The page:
Do We Need an OpenLearn Content Liberation Front?

For me, one of the defining attributes of openness relates to accessibility of the machine kind: if I can’t write a script to handle the repetitive stuff for me, or can’t automate the embedding of image and/or video resources, then whatever the content is, it’s not open enough in a practical sense for me to do what I want with it.

So here’s an, erm, how can I put this politely, little niggle I have with OpenLearn XML. (For those of you not keeping up, one of the many OpenLearn sites is the OU’s open course materials site; the materials published on the site as course unit contentful HTML pages are also available as structured XML documents. (When I say “structured”, I mean that certain elements of the materials are marked up in a semantically meaningful way; lots of elements aren’t, but we have to start somewhere ;-))

The context is this: following on from my presentation on Making More of Structured Course Materials at the eSTeEM conference last week, I left a chat with Jonathan Fine with the intention of seeing what sorts of secondary product I could easily generate from the OpenLearn content. I’m in the middle of building a scraper and structured content extractor at the moment, grabbing things like learning outcomes, glossary items, references and images, but I almost immediately hit a couple of problems, first with actually locating the OU XML docs, and secondly locating the images…

Getting hold of a machine readable list of OpenLearn units is easy enough via the OpenLearn OPML feed (much easier to work with than the “all units” HTML index page). Units are organised by topic and are listed using the following format:

<outline type="rss" text="Unit content for Water use and the water cycle" htmlUrl="" xmlUrl=""/>

URLs of the form link to a ‘homepage” for each unit, which then links to the first page of actual content, content which is also available in XML form. The content page URLs have the form, where the ID is one-one uniquely mapped to the course name identifier. The XML version of the page can then be accessed by changing direct=1 in the URL to content=1. Only, we don’t know the mapping from course unit name to page id. The easiest way I’ve found of doing that is to load in the RSS feed for each unit and grab the first link URL, which points the first HTML content page view of the unit.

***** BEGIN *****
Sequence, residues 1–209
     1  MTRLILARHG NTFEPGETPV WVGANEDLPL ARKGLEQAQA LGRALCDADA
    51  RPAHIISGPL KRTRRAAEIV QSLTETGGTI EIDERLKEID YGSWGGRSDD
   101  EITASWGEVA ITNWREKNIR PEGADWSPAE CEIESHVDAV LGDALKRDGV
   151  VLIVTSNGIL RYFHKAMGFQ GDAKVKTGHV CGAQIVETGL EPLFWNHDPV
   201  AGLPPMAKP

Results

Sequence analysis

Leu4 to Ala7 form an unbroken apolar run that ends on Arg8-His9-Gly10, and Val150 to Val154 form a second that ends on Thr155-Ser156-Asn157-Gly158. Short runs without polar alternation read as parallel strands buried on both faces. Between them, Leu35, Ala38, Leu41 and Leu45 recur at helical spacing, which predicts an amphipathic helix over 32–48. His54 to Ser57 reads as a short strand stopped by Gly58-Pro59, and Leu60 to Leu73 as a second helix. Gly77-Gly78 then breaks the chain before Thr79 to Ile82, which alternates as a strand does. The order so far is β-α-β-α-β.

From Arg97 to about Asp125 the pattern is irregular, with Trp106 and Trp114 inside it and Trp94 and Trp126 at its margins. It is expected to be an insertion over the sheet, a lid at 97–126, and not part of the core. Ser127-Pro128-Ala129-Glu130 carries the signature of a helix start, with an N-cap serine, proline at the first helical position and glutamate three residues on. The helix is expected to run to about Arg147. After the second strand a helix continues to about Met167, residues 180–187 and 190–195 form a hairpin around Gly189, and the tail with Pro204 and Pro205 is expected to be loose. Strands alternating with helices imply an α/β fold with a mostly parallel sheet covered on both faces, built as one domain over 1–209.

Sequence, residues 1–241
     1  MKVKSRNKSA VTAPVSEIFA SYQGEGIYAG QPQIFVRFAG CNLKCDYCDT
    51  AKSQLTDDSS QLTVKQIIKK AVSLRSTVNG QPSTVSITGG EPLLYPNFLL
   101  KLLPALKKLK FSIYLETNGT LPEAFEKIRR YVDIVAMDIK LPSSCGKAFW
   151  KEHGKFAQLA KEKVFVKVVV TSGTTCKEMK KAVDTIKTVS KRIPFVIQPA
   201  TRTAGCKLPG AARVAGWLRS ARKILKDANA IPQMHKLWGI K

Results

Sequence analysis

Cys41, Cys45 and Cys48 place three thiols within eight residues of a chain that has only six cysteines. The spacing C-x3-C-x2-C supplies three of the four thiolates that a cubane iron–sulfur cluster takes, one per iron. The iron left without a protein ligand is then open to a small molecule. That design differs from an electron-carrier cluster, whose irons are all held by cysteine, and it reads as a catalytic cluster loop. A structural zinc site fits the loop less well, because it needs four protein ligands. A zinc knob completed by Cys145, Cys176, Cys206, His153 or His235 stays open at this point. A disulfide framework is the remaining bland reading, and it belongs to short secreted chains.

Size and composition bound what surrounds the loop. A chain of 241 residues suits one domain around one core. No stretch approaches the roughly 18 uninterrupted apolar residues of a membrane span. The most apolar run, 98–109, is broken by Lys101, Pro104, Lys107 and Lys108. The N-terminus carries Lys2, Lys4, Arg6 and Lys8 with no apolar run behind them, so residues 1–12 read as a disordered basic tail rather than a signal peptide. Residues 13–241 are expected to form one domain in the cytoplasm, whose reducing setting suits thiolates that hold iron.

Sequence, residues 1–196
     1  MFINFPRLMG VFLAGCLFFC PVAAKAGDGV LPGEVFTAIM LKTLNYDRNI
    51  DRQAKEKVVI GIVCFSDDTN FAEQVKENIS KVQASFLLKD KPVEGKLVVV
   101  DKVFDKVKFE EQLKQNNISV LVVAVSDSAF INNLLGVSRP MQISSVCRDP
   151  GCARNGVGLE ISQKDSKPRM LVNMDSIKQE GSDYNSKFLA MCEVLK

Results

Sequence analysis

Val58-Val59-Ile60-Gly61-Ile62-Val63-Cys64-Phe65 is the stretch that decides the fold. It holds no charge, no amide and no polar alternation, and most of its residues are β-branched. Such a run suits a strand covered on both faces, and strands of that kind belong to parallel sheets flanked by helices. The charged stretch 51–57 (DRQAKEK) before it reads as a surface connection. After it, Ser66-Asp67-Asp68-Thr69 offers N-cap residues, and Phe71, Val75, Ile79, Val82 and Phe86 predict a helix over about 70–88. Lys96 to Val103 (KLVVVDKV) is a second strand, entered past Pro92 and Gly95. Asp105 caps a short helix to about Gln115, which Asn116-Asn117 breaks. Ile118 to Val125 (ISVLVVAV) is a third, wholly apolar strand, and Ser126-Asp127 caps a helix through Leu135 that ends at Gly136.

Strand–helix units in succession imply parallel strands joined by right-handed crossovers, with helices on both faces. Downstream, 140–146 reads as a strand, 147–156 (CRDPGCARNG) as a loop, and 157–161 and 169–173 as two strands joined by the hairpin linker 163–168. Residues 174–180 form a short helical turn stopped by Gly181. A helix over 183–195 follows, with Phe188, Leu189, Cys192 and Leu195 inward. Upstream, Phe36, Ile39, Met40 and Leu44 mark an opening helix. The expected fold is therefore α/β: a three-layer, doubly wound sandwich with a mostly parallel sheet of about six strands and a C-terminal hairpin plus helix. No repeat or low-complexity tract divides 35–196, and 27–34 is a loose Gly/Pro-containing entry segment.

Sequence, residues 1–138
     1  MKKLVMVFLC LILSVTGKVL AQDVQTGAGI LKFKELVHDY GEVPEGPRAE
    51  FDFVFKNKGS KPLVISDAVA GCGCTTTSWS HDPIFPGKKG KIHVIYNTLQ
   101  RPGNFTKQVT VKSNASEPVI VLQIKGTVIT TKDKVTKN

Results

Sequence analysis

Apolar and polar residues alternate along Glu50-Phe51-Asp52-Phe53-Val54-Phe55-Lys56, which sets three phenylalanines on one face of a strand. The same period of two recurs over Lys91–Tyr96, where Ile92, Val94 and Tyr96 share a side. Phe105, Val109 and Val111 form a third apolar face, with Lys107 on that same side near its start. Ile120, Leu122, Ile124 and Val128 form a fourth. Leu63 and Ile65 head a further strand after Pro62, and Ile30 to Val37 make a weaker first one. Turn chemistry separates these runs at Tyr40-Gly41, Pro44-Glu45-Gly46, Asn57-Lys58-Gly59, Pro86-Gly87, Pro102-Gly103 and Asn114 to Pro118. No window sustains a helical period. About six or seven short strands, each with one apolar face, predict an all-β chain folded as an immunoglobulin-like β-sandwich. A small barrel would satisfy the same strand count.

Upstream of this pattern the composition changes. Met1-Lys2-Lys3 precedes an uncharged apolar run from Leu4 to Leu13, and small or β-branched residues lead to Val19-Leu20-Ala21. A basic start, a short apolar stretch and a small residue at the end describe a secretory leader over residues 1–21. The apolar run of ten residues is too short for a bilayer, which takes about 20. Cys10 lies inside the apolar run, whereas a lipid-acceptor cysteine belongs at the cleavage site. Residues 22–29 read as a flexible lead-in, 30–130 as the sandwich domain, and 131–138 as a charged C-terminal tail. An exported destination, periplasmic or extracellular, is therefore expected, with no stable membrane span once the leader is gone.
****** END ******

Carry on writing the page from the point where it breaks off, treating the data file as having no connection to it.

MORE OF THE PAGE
I’ve popped a scraper up on Scraperwiki to build the lookup for XML URLs for OpenLearn units – OpenLearn XML Processor:

import scraperwiki

from lxml import etree

def flatten(el):           
    result = [ (el.text or "") ]
    for sel in el:
        result.append(sel.tail or "")
    return "".join(result)

def getcontenturl(srcUrl):
    rss= etree.parse(srcUrl)
        contenturl= flatten(rssroot.find('./channel/item/link'))
    return contenturl

def getUnitLocations():
    #The OPML file lists all OpenLearn units by topic area
    tree = etree.parse(srcUrl)
    root = tree.getroot()
    #Handle each topic area separately?
    for topic in topics:
        tt = topic.get('text')
        print tt
        for item in topic.findall('./outline'):
            if it.startswith('Unit content for'):
                it=it.replace('Unit content for','')
                if len(cctmp)>1: ccpart=cctmp[1]
                else: ccpart=1
                print tt,it,slug,ccu,cc,ccpart,url,contenturl
      ['ccu'], table_name='unitsHome', data={'ccu':ccu, 'uname':it,'topic':tt,'slug':slug,'cc':cc,'ccpart':ccpart,'url':url,'rssurl':rssurl,'ccurl':contenturl})


The next step in the plan (because I usually do have a plan; it’s hard to play effectively without some sort of direction in mind…) as far as images goes was to grab the figure elements out of the XML documents and generate an image gallery that allows you to search through OpenLearn images by title/caption and/or description, and preview them. Getting the caption and description from the XML is easy enough, but getting the image URLs is not

Here’s an example of a figure element from an OpenLearn XML document:

<Figure id="fig001">
<Image src="\\DCTM_FSS\content\Teaching and curriculum\Modules\Shared Resources\OpenLearn\S278_5\1.0\s278_5_f001hi.jpg" height="" webthumbnail="false" x_imagesrc="s278_5_f001hi.jpg" x_imagewidth="478" x_imageheight="522"/>
<Caption>Figure 1 The geothermal gradient beneath a continent, showing how temperature increases more rapidly with depth in the lithosphere than it does in the deep mantle.</Caption>
<Alternative>Figure 1</Alternative>
<Description>Figure 1</Description>

Looking at the HTML page for the corresponding unit on OpenLearn, we see it points to the image resource file at!via/oucontent/course/476/s278_5_f001hi.jpg:

So how can we generate that image URL from the resource link in the XML document? The filename is the same, but how can we generate what are presumably contextually relevant path elements:!via/oucontent/course/476/

If we look at the OpenLearn OPML file that lists all current OpenLearn units, we can find the first identifier in the path to the RSS file:

<outline type="rss" text="Unit content for Energy resources: Geothermal energy" htmlUrl="" xmlUrl=""/>